EU ‘dirty money’ action plan faces resistance, criticism

The European Commission wants to cre­ate a cen­tral author­i­ty to tack­le mon­ey laun­der­ing, but some EU mem­bers are rebelling against the plan.

Douglas Dalby, Icij.Org, May 22, 2020,

The European Commission is con­sid­er­ing estab­lish­ing a cen­tral author­i­ty to enforce a uni­fied approach among mem­ber states to tack­le mon­ey laun­der­ing and ter­ror­ist financing.

At the release of a six-point action plan ear­li­er this month, exec­u­tive vice-pres­i­dent Valdis Dombrovskis detailed a tight, 12-month time­frame for its implementation.

We need to put an end to dirty mon­ey infil­trat­ing our finan­cial sys­tem,“ he said.

Under the plan, Europe would also align itself more close­ly to the cri­te­ria used by the Financial Action Task Force (FATF), a glob­al, inter-gov­ern­men­tal watch­dog, to assess gov­er­nance in coun­tries out­side of the bloc.

The Commission has set a July 29 dead­line for feed­back from inter­est­ed par­ties, includ­ing cit­i­zens. Reuters has report­ed that the plan has faced resis­tance already from three mem­ber states embroiled in mon­ey laun­der­ing scan­dals: Estonia, Hungary and the Czech Republic.

Malta, anoth­er mem­ber state under fire for lax finan­cial reg­u­la­tion, also opposed the new mea­sures, accord­ing to sources at the closed video con­fer­ence. Maltese offi­cials sub­se­quent­ly denied this.

Advocacy group Transparency International has crit­i­cized the plan for dif­fer­ent rea­sons, describ­ing it as “high on gen­er­al­i­ties but low on specifics.”

The organization’s senior pol­i­cy offi­cer, Laure Brillaud, said recent inves­ti­ga­tions reveal­ing the extent of mon­ey laun­der­ing in the European bank­ing sec­tor required more spe­cif­ic measures.

Urgent and effec­tive action is more impor­tant now than ever, with the COVID-19 pan­dem­ic lead­ing to a marked increase in crim­i­nal activ­i­ty involv­ing cross-bor­der finan­cial flows,“ she said.

Europe has passed sev­er­al pieces of anti-mon­ey laun­der­ing leg­is­la­tion over the past three decades but indi­vid­ual mem­ber states have been slow to enact it. Differences in inter­pre­ta­tion and imple­men­ta­tion in mem­ber states have also cre­at­ed loopholes.

This has allowed sig­nif­i­cant vari­a­tions to occur in the way mem­ber states deal with one anoth­er and with exter­nal juris­dic­tions when it comes to finan­cial flows.

Luanda Leaks, the ICIJ-led inves­ti­ga­tion into the finan­cial affairs of Angolan bil­lion­aire Isabel dos Santos and her close asso­ciates, demon­strat­ed the key role played by Portuguese banks in facil­i­tat­ing busi­ness expan­sion and the pur­chase of lux­u­ry prop­er­ties, super-yachts, jew­el­ry and exten­sive travel.

Portugal’s Central Bank gave dos Santos a clean finan­cial bill of health, despite her sta­tus as a polit­i­cal­ly exposed per­son (PEP) and sev­er­al com­plaints by Portuguese law­mak­er, Ana Gomes, in the European Parliament.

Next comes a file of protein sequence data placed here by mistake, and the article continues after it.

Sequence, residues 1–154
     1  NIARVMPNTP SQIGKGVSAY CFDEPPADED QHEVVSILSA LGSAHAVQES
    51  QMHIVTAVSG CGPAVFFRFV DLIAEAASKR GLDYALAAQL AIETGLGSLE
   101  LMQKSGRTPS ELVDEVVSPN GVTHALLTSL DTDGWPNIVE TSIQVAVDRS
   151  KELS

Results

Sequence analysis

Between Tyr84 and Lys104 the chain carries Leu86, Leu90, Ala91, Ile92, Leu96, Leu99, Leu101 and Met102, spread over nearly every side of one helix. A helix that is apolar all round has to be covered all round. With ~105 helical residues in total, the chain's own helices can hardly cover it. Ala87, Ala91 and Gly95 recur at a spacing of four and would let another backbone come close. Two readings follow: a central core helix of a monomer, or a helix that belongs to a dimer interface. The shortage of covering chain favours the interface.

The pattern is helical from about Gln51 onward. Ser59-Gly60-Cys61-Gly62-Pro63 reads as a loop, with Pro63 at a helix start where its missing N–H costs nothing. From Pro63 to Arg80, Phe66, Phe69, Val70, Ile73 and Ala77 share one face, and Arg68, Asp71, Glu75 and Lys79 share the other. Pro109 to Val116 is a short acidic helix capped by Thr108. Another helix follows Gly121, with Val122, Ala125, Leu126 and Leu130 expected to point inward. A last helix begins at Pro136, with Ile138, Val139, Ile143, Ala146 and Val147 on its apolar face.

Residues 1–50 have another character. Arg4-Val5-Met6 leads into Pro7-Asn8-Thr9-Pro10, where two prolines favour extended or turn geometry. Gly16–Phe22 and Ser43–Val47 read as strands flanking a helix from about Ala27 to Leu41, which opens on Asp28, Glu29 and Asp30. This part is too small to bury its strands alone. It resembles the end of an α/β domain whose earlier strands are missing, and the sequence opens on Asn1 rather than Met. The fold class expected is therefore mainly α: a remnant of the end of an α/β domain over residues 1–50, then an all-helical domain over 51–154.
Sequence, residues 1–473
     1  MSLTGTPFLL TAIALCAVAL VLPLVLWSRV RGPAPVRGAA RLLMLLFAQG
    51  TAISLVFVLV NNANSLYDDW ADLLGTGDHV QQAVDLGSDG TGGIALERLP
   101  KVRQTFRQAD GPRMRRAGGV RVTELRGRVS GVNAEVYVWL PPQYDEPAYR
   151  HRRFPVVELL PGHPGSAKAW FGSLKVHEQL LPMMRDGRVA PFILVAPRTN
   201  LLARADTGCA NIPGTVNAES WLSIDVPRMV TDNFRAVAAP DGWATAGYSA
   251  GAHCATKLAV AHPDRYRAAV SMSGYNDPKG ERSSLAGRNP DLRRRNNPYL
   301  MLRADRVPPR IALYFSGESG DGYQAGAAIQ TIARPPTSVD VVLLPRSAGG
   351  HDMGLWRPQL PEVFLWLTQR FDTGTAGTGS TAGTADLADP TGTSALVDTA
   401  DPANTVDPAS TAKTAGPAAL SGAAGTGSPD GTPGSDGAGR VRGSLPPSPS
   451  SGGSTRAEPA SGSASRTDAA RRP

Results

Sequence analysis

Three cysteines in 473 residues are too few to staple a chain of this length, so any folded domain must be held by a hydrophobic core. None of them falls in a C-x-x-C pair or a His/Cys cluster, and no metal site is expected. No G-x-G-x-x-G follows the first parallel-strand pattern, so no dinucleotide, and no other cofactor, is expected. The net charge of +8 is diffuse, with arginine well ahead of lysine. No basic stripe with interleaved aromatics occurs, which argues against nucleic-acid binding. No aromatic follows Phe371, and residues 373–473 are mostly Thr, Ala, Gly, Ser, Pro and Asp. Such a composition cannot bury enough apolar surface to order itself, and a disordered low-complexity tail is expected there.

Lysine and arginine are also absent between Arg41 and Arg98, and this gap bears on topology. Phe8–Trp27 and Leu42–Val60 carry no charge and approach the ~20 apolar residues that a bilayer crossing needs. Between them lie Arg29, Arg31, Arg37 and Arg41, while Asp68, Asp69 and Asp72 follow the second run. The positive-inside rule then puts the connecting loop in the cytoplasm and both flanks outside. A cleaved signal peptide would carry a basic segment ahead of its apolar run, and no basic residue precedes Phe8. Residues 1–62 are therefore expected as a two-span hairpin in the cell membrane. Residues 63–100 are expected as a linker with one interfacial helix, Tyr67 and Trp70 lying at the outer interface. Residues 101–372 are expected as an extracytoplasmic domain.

This allowed dos Santos to bor­row from European banks and even to con­trol her own bank in Portugal, which Angolan pros­e­cu­tors allege were used as deals between her shared inter­ests and state owned com­pa­nies and harmed the state to the tune of $1 bil­lion. She denies any wrongdoing.

Citing “recent mon­ey laun­der­ing scan­dals,” in February the Commission demand­ed that Portugal enact Euro-wide mon­ey laun­der­ing leg­is­la­tion, which it had failed to do by the Jan. 10 dead­line. The country’s law­mak­ers com­plied short­ly afterwards.

The Commission also pub­lished its lat­est list of so-called “non-co-oper­a­tive tax juris­dic­tions,”  adding the Bahamas, Barbados, Botswana, Cambodia, Ghana, Jamaica, Mauritius, Mongolia, Myanmar, Nicaragua, Panama and Zimbabwe.

Conversely, “fol­low­ing progress made,” it removed Bosnia and Herzegovina, Ethiopia, Guyana, Laos, Sri Lanka and Tunisia from the list.

A Commission offi­cial said the amend­ments were a direct result of “high-lev­el com­mit­ments” these coun­tries had made with FATF to strength­en their anti mon­ey-laun­der­ing regimes.

The three coun­tries imple­ment­ed a num­ber of reforms based on the action plans  agreed with FATF,” he said.

A new analy­sis by openDemocracy has iden­ti­fied more than 700 U.K. shell com­pa­nies black­list­ed in the Ukraine.

Transparency International said this week that this was “a stark reminder of Britain’s role as a glob­al hub for finan­cial crime.”

FATF chief David Lewis told ICIJ recent­ly that gov­ern­ments were fail­ing to stop orga­nized crim­i­nals and cor­rupt regimes from wash­ing vast sums each year.

Recent laun­der­ing scan­dals have includ­ed: the drain­ing of funds from 1MDB, Malaysia’s gov­ern­ment-run devel­op­ment fund; the wash­ing of Russian crim­i­nal funds through a stock deal­ing scam known as “mir­ror-trad­ing;” and anony­mous shell com­pa­nies push­ing bil­lions of dol­lars in dirty mon­ey through banks in the Baltic region.

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